Smart city solutions are designed to solve a host of issues common in urban areas across the U.S. From intelligent streetlights that monitor traffic from pedestrians, bicycles, cars and more to sensors that monitor air quality, smart city front runners are using IT to make their communities more efficient and improve quality of life for residents.
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The following cities got a boost on their path to becoming future-ready when they were named finalists in the U.S. Department of Transportation’s Smart Cities Challenge. Of 78 applicants representing 85 cities in 36 states, the following seven cities received $100,000 as well as public- and private-sector consulting help to further develop their pitches. The ultimate victor (and recipient of $100 million in implementation money) was Columbus, Ohio, though all participants found value in refining their plans by participating in the challenge.
Austin, Texas, proposed a Mobility Marketplace to help connect underserved communities, like those without traditional bank accounts, the disabled and the elderly, to economic opportunity through improved mobility.
Columbus, Ohio, set out to enhance equal access to health-care services and cut infant mortality rates, especially in communities of color, with a centralized traffic signal and transportation data system that offers multimodal trip planning and a single payment system, and integrates with doctor visit scheduling.
Denver sought to mitigate negative impacts of freight movement, especially on underserved communities, by establishing a connected corridor for freight with connected parking and traffic information systems, which reduced pollution, congestion and engine noise in adjacent communities.
Kansas City, Mo., wanted help to quantify and analyze data related to urban travel and quality of life, including traffic movements, accident data, air pollution and resident health.
Pittsburgh aimed to take on high air pollution levels through a series of emission-cutting efforts, like converting the city’s vehicle fleet to electric, adding charging stations, converting streetlights to LED and using sensors to monitor air quality.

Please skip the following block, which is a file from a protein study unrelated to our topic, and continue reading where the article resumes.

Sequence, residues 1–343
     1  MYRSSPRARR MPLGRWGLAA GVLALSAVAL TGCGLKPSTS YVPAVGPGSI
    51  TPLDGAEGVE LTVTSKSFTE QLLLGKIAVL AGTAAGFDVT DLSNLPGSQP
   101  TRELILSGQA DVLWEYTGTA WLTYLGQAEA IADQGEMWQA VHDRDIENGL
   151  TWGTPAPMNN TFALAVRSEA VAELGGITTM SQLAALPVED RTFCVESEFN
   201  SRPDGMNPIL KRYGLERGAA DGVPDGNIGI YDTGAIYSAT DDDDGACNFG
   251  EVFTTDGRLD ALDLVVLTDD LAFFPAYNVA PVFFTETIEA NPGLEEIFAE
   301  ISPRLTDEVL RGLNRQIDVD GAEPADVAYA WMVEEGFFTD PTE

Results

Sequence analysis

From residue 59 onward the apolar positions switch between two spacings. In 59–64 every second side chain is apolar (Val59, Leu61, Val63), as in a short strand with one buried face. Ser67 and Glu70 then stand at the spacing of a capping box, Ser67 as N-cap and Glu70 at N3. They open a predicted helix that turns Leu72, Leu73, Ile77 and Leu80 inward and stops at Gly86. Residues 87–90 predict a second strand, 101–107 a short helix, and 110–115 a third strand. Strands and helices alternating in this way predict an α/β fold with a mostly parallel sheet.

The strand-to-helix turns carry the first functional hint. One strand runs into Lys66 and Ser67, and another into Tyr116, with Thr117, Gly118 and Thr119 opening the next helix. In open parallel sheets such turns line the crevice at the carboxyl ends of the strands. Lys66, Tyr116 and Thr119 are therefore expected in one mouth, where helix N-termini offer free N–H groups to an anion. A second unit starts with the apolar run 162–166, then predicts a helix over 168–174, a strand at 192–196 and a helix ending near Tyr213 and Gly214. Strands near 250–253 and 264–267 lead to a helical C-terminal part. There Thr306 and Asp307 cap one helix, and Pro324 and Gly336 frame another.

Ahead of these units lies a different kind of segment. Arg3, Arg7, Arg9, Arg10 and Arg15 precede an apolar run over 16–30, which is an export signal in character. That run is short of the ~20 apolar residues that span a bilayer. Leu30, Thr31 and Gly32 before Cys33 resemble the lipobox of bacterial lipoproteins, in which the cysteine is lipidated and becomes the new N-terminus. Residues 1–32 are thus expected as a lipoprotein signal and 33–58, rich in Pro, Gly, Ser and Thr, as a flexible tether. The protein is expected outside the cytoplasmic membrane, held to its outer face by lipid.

Portland, Ore., planned an aggressive outreach campaign to engage underserved communities in the development of new, smart transportation options that serve all residents’ needs.
San Francisco, acknowledging that housing costs are lengthening commutes into the city, wanted to invest in tools to support carpooling like dedicated lanes and curb space, and an app to connect carpoolers needing rides.
Who's Who in Smart Cities
According to Navigant Research, here are the top 10 suppliers of smart city technologies:
Cisco Siemens Microsoft IBM Hitachi Huawei SAP Panasonic Ericsson GE [slideshow-break]
Smart cities are safe cities that use connected tech like camera networks and shot detection tools to fight crime and contribute to the overall quality of life. Among Schenectady, N.Y.’s smart city projects are a Wi-Fi data network that lets police download dashcam video from cars to the central network as they go about their patrols.
Universal connectivity is also at the heart of most smart city blueprints, like that of Louisville, Ky., which plans a 115-mile fiber deployment, boosted by its selection as a Smart Cities Readiness Challenge grant winner.
As host to the annual Consumer Electronics Show, Las Vegas is considered a hotbed of tech innovation, especially when it comes to transportation. The Las Vegas Innovation District is now home to a data-gathering connected corridor and an autonomous shuttle to service nearby casinos. New Orleans envisions on-demand minibuses for low cost connections to underserved communities, while Boston proposes “radically programmable” streets that can transform from loading zones to through streets to street hockey lots according to demand.
Intelligent streetlights are propagating across U.S. communities large and small, offering energy savings as well as data-gathering opportunities. In San Diego, $30 million will pay for 3,200 sensor-laden streetlights that will feed data into the city’s open data network.
Running through seemingly all smart city plans is a desire to ensure all citizens can participate fully in the benefits of their connected community. While providing Internet access to the wider community, cities are also working to ensure that Internet infrastructure can withstand disasters. Organizations like New York City’s Digital Equity Laboratory — spurred by the extensive communications damage from Hurricane Sandy — are helping to develop stronger networks. Wi-Fi projects in six parts of the city are strengthening networks that support residents and first responders during crises.
For GovTech's more smart cities news, check out the interactive map plotting our ongoing coverage across the country.